“MISS SCHERRY BROWNFIELD”
This beautiful Ayrshire milk cow came to live with our little community of teachers and children at Kiwanda Cha Tumaini on the very day I was leaving Kenya a week or so ago. She is already blessing us with some milk, but will kick it into high gear when she gives birth to her second calf in a few months.
When we arrived in Western Kenya at the beginning of March, the country was in a severe drought, and the dry season had gone on for much longer than in normal years. When the rains finally came, it was a new experience for this Texas Girl! I’m talking, daily torrential downpours! I realized that I had never been in Kenya during March and April. Wow, what a trip!
The downside of this situation was that there was very little Napier grass to feed a cow, even if we could find a good one. Our search went on for weeks and weeks. We found a gorgeous Jersey heifer, ready to calve at the end of May, at the University of Nairobi Vet Farm. The people at the farm were so wonderful, and we had made arrangements to buy our first cow. However, at the last minute, we ran into a roadblock when the University System placed a hold on any sales while they were in the process of an audit. We’re still holding out hope that one day, she may come to bless our kids with even more milk.
The upside of the situation is that, when the rains finally came, we were prepared and ready to receive our new resident cow. She will give us greater quantities of milk, although the Jersey’s milk is higher in butter-fat, and we were looking forward to teaching our beloved Kenyans how to make butter. This will be a great improvement in their diet because they consume tons of a disgusting product called Blue Band. It’s an unrefrigerated margarine-type goop, very close in chemical structure to plastic. Gag!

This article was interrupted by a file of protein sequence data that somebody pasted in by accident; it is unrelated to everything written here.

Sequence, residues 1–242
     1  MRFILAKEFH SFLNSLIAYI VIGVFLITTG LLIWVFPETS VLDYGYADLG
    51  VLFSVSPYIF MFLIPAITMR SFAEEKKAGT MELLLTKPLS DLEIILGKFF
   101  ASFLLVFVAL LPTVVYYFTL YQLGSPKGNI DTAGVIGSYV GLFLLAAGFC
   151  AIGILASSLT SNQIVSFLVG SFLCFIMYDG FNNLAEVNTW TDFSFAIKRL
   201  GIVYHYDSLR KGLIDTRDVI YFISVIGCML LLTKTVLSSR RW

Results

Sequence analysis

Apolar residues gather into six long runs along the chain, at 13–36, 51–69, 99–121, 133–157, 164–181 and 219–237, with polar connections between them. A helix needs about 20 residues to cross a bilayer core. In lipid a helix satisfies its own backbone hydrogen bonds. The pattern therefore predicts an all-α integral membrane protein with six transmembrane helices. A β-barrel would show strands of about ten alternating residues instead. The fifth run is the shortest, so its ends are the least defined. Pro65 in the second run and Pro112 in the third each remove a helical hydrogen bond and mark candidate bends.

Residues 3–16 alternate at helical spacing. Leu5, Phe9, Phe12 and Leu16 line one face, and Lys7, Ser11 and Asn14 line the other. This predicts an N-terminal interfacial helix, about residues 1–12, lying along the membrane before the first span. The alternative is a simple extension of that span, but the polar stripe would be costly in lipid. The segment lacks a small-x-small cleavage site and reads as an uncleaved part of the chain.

You may be wondering why we named our cow “Miss Scherry Brownfield.” Well, I’m glad you asked. Back in the good ol’ days when John and I were at Baylor University, he belonged to the coolest “Social Club” on campus. In fact, he was a founding member. (This was before Baylor gave in and admitted national fraternities and sororities.) I always considered myself an honorary member (and still do), because I loved these guys so much, and hung out with them more than I did with my sorority sisters from Delta Alpha Pi. In addition to being awesome, they all had great senses of humor. Consequently, when Baylor’s Homecoming Parade rolled around, rather than build a traditional float, they rented a “cow” from a local dairy and placed a couple of Baylor’s most breath-taking beauties atop.
Their names were Norelle Hicks and Scherry Brownfield.
We had already assigned Norelle’s name to the beautiful Jersey we had found, so when we located the Ayrshire pictured above, her name just had to be Scherry Brownfield. We are still praying for Norelle to show up on the scene, when the University of Nairobi System gets their audit finished.
Please pray for our ministry as we strive to improve the lives of orphans and disadvantaged children in Kenya. Our school will reopen three days from now on Tuesday, May 5, 2015, and, God willing, milk will now be a regular part of the diet of 85 children and approximately 20 teachers, staff, and patients at the school and clinic.
We are praising God for cows, and for our faithful supporters who helped us reach this new milestone.
Mungu akubariki sana!